mirandashell
09-22-2014, 01:03 AM
In bad taste? Sure. But so are a lot of books, short stories, movies, etc...
That's why we have freedom of speech (in this country anyway), so people with stupid and offensive ideas are free to express them.. We have it here too

frimble3
09-22-2014, 01:29 AM
I'm not sure the story contained stupid or offensive ideas - the description was just a woman who let someone into her home who was planning to assassinate Thatcher. There are a lot of thrillers out there that portray assassins and real life political figures. Much ado about nothing, IMO, having more to do with politics than taste.
Exactly. She wrote a story using a real, but dead, politician's name. It would be different, I think, if she was writing about the attempted assassination of a live, current politician, because that might be 'tasteless'.
And possibly inflammatory, depending.
But people who can no longer be killed? I thought it was the tactful choice.
Are they going to arrest mystery writers whose plots involve the killing of historic figures next? (Historic figure: what Margaret Thatcher is close to being, anyway.)

ironmikezero
09-22-2014, 01:32 AM
Anyone who thinks that fantasizing about killing a politician is "deranged" behavior has clearly never had much interaction with the average person. :rolleyes:

...or with the average politician...

Seriously, could Ms. Mantel have even asked for more widespread and (ahem) interesting publicity?

:Soapbox: :roll:

Helix
09-22-2014, 02:01 AM
Oh, look. Nadine Dorries is concerned for Margaret Thatcher's family. How thoughtful. Bless.

Have they all noticed yet that Thatcher is dead? And that Mantel didn't kill her. Would they have been so shocked and appalled if the subject of Mantel's story had been a Labour PM? (Or even John Major.)

The full piece on Mantel is here (http://www.theguardian.com/books/2014/sep/19/hilary-mantel-interview-short-story-assassination-margaret-thatcher) (Guardian) and a short story here (http://www.theguardian.com/books/2014/sep/19/hilary-mantel-short-story-assassination-margaret-thatcher).

DreamWeaver
09-22-2014, 03:01 AM
I read the story before hearing there was any controversy. I wasn't attracted by the subject, and I don't much care for reading short stories, but I love Mantel's Thomas Cromwell books so I figured I'd give it a go.

Despite not being much interested in the subject or genre, that story grabbed me, shook me up and spit me out begging for more. So, the story may be tasteless or tactless, but damn, that woman can write!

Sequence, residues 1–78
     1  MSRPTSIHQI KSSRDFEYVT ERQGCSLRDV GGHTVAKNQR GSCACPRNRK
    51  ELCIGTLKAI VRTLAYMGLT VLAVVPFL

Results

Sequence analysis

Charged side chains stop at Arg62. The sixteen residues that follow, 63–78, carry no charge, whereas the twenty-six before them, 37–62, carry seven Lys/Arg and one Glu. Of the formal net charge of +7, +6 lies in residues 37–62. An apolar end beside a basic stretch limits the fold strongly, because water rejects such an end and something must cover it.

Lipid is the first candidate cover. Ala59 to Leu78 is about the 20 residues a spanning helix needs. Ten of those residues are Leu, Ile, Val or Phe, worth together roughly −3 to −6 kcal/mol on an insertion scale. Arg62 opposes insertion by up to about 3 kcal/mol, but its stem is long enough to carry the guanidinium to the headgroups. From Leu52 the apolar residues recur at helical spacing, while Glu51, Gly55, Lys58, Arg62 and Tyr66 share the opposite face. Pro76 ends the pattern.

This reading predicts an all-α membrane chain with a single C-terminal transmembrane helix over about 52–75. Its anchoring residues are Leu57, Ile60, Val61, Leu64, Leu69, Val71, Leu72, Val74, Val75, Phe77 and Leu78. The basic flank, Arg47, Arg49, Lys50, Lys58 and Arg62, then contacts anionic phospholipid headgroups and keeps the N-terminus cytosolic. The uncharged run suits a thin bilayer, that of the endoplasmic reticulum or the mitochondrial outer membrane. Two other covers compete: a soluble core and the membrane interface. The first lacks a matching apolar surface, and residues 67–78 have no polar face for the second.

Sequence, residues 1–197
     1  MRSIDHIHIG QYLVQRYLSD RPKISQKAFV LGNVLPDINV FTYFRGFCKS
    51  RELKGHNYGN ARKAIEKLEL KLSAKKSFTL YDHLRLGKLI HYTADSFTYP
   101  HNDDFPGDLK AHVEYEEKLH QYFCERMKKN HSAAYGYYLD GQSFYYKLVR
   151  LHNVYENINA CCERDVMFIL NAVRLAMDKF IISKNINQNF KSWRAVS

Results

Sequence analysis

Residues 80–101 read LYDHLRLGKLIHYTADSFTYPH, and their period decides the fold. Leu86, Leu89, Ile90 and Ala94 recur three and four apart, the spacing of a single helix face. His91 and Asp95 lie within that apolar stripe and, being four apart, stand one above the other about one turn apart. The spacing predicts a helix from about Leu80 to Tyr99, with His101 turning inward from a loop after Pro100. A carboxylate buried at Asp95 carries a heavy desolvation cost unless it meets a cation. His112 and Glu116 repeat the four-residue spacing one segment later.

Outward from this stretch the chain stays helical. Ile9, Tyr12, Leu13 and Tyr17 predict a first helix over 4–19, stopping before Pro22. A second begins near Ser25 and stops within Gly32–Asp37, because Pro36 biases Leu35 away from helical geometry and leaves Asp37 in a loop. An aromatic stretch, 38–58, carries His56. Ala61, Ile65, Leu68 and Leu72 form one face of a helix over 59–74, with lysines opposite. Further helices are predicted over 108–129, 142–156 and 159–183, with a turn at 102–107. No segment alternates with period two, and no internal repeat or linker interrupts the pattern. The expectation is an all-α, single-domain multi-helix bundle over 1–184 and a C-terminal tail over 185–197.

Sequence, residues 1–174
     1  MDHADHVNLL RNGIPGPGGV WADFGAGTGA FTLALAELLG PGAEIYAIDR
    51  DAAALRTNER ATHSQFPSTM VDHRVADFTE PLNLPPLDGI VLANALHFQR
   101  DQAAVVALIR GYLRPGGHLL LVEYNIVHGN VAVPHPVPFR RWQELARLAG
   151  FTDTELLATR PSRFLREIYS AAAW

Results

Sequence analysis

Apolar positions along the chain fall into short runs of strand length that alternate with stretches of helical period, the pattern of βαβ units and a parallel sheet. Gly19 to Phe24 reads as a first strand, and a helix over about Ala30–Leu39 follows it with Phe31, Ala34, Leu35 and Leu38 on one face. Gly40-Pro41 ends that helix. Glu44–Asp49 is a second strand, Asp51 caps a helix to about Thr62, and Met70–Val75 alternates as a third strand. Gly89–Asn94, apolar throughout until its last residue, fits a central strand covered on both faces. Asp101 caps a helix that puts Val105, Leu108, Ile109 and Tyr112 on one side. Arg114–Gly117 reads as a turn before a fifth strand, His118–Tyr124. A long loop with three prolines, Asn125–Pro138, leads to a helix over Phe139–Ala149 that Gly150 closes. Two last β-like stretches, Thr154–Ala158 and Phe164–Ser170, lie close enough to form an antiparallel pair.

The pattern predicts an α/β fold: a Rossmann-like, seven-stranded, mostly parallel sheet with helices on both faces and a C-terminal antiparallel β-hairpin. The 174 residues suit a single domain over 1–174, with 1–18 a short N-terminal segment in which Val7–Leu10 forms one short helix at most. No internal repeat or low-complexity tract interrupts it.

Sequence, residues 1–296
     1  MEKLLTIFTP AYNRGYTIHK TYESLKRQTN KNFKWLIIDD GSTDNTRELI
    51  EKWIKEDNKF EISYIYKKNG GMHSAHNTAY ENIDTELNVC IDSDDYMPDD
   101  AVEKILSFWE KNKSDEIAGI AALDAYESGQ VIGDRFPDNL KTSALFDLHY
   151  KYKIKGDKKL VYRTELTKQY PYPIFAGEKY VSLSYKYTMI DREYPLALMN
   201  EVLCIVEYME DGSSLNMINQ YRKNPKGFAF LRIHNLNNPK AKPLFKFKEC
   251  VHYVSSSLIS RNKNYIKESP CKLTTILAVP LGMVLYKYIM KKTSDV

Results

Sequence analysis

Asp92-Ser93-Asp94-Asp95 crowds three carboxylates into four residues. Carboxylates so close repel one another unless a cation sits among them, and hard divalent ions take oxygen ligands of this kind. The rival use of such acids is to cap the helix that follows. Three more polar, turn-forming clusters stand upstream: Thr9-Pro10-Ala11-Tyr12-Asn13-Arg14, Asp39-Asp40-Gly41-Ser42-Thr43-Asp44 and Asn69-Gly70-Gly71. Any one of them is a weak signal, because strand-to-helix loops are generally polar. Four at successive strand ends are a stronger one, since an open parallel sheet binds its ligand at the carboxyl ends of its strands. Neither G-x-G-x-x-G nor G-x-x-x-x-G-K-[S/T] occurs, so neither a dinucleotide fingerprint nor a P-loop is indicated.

Helix
09-22-2014, 04:11 AM
Now I'm seeing Hilary Mantel as Connie James in Spooks.

aliceshortcake
09-22-2014, 11:29 AM
What a storm in a teacup. If Thatcher were still alive and a possible target for assassination I suppose there could be cause for concern, but she's already dead, fer pete's sake. And where do you draw the line when it comes to living people? There were some complaints about the 2009 TV "mockumentary" The Execution of Gary Glitter but I don't remember anyone being concerned about the subject's family.

gothicangel
09-22-2014, 11:39 AM
That said, it's probably not healthy to get so wrapped up in politics that you start fantasizing about the assassination about politicians you don't like.

You've never been to the UK then (or spoken someone who remembers the Miner's Strikes?) :D

Helix
09-22-2014, 11:49 AM
I would have reintroduced capital punishment as a one off for the "lady's not for turning" speech.

eyeblink
09-22-2014, 12:13 PM
I don't support harassing people who write incendiary literature, regardless of how tasteless it is. MP's investigating Mantel would definitely be harassment over speech.

That said, it's probably not healthy to get so wrapped up in politics that you start fantasizing about the assassination about politicians you don't like. If she finds a big enough audience, then good for her I suppose. But I'm probably not gonna endorse it.

If you read the interview in the Guardian, you'll see that the quote from Mantel is taken out of context, misleadingly so. The way I read it was that she looked out of her (then) home in Windsor and had a clear view of Thatcher, unguarded, in the grounds of the eye hospital, and thought that if she (Mantel) had been an assassin then Thatcher would have been dead there and then. That's not "fantasising about the assassination", more the what-if that resulted in this story.